Experts, charities can help organize your home for the new year

By: Alex Szwarc | C&G Newspapers | Published January 9, 2019

 Gary Dion, the owner of Closets by Design, said that redesigning storage space is key when organizing a home. “What we do is take  an existing space and redesign it,” he said.

Gary Dion, the owner of Closets by Design, said that redesigning storage space is key when organizing a home. “What we do is take an existing space and redesign it,” he said.

Photo provided by Gary Dion

METRO DETROIT — The holidays have come and gone, and with the new year upon us, folks may be wondering how to get their homes organized in 2019.

Gary Dion, the owner of Closets by Design — which in addition to organizing closets also organizes garages, home offices, laundries, pantries and hobby rooms — said that redesigning storage space is key.

For instance, Dion addressed what his business does when tasked with designing a closet to ensure a neat space.

“What we do is take an existing space and redesign the interior of it with panels, shelves, rods, and hampers and drawers to better utilize the space,” he said. “We provide a place to put your clothes. We don’t touch any of your clothes. We can build up to double your usable storage space.”

Dion said that customers don’t necessarily make mistakes when organizing their homes.

“They buy a house with a closet that has a rod and a shelf,” he said. “We come in and design it so there can be more features in it to make it not only more functional, but a showpiece.”

He believes that closets can be more susceptible to cluttering and disorganization than other areas of the home.

“They need more space to hang things and put their shoes,” Dion said. “What we see a lot of is mudrooms — when people come in from outside, where everybody puts their shoes and coats.”

Closets by Design, located in Oxford, recommends installing a bench in a mudroom with an area to hang clothing and drawers so that items can be stored off the floor.

At the end of the day, Dion said that customers want better organization of storage space in their homes.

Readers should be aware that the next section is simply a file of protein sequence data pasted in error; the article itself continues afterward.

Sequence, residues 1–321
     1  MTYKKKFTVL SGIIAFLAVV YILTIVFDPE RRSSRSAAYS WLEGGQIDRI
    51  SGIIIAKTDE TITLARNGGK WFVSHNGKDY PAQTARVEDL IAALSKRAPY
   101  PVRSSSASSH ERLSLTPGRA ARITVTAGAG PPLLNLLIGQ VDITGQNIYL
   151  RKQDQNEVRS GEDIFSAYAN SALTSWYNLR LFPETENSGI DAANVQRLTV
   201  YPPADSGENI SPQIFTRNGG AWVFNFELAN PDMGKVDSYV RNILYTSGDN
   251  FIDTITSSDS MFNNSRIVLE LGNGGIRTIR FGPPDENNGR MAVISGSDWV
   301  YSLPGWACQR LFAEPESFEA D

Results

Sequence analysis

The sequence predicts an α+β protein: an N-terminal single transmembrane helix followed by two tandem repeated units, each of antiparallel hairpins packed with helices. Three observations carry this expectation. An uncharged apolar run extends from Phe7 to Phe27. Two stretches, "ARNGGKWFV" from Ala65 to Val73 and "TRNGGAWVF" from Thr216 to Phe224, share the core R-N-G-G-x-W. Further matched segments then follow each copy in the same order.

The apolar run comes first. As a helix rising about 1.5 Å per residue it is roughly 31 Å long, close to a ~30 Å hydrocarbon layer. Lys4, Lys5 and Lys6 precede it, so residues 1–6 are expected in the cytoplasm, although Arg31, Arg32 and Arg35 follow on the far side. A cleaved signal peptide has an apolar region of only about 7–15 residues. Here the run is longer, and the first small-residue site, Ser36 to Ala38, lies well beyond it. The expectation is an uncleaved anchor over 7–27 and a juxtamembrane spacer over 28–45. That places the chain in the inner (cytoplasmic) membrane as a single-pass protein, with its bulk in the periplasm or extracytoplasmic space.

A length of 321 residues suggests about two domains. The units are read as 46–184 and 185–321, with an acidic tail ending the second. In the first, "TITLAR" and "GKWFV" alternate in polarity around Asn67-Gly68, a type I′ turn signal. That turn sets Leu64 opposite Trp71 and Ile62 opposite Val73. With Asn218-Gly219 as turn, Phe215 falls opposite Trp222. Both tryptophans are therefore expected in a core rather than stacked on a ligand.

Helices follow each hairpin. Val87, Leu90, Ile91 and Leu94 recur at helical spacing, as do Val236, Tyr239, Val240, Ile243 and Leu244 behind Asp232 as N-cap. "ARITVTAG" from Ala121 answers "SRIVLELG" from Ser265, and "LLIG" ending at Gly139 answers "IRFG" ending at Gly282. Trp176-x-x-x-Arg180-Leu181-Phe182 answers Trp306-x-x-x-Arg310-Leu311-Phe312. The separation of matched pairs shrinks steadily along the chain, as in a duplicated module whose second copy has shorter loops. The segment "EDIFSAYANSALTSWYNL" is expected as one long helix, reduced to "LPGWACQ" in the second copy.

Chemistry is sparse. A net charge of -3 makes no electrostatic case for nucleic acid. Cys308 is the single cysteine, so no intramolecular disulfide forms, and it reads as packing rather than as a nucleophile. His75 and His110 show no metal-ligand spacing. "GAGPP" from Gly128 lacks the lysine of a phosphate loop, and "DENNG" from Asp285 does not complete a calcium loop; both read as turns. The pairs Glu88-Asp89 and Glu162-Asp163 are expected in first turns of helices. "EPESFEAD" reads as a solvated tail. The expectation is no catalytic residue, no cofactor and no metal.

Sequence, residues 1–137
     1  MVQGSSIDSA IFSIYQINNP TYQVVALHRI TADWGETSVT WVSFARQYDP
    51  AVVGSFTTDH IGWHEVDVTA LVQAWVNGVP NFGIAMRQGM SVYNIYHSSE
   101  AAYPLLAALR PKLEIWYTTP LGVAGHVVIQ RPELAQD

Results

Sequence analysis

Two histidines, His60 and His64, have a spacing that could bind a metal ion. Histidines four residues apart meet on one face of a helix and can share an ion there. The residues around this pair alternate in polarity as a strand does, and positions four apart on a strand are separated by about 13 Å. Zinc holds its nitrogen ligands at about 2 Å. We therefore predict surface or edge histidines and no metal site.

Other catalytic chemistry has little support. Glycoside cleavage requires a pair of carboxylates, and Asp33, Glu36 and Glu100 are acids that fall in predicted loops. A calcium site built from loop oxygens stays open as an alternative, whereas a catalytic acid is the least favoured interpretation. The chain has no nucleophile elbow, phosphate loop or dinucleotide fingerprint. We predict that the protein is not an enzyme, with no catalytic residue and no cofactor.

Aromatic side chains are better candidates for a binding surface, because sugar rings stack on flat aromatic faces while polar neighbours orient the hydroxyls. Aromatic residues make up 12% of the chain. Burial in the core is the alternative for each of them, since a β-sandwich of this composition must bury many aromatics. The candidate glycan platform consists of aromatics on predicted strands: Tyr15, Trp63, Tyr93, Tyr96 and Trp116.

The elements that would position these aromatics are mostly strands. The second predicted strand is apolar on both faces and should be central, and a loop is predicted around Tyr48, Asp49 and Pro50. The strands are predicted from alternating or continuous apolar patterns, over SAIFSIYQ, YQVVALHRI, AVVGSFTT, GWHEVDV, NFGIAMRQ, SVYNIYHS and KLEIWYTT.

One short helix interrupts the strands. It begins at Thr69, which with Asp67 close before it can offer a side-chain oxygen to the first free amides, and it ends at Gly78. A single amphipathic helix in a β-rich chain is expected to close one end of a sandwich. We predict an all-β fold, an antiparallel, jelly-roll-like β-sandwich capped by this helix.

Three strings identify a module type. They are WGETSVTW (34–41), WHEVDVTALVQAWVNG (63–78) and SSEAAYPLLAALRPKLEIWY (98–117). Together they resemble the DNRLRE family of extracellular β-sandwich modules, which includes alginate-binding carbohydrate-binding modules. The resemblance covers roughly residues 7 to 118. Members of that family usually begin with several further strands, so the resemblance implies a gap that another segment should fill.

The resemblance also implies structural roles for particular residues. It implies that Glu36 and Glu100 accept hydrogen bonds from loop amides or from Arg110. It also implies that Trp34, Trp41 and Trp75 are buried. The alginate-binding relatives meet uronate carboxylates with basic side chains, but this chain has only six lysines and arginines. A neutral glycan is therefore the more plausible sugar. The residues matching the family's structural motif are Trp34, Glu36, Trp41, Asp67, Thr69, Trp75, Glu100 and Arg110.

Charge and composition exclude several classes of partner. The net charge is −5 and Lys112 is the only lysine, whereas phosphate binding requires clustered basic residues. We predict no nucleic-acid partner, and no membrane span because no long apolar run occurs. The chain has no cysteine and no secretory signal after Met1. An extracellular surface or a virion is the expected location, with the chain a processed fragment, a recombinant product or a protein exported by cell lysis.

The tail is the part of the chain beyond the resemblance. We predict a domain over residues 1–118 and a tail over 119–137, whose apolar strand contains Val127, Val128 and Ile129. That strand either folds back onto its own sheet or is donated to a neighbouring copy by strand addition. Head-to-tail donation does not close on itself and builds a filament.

“When they’re done with it, they can bring stuff in the closet they couldn’t before, and it’s also a good chance to get rid of a lot of stuff,” he said.   

That’s where the Furniture Bank of Southeastern Michigan comes in.

The Furniture Bank’s goal is to make sure that every family in metro Detroit is living in a properly furnished home.

“We take in donations of gently used furniture and we provide it to families who are in poverty, transitioning through homelessness or working with Child Protective Services,” said Robert Boyle, executive director of the Furniture Bank of Southeastern Michigan.

The Furniture Bank picks up what it considers “essential items” like beds, dining/kitchen tables and chairs, sofas, and dressers. The bank comes directly to people’s homes or workplaces to pick up tax-deductible furniture donations, which are then provided to local families in need.

“If you shut your eyes and thought about your home with nothing in it, and then consider living that way for a day, month or — heaven forbid — a year, you get a good idea of just how important furniture is,” Boyle said. “It’s often overlooked, but it’s really important to have the basics in a house.”

Folks can donate to the Furniture Bank by calling (248) 332-1300 or by visiting its website at furniture-bank.org. Boyle expects the Furniture Bank to make about 2,700 furniture pickups this year.

“Many of us are blessed and have things that we don’t need and things we want to upgrade,” he said. “The things we are discarding are still in good shape, and those items are desperately needed by thousands of local families.”  

The Furniture Bank receives referrals from agencies such as the Michigan Department of Health and Human Services, Lighthouse of Oakland County and Community Housing Network.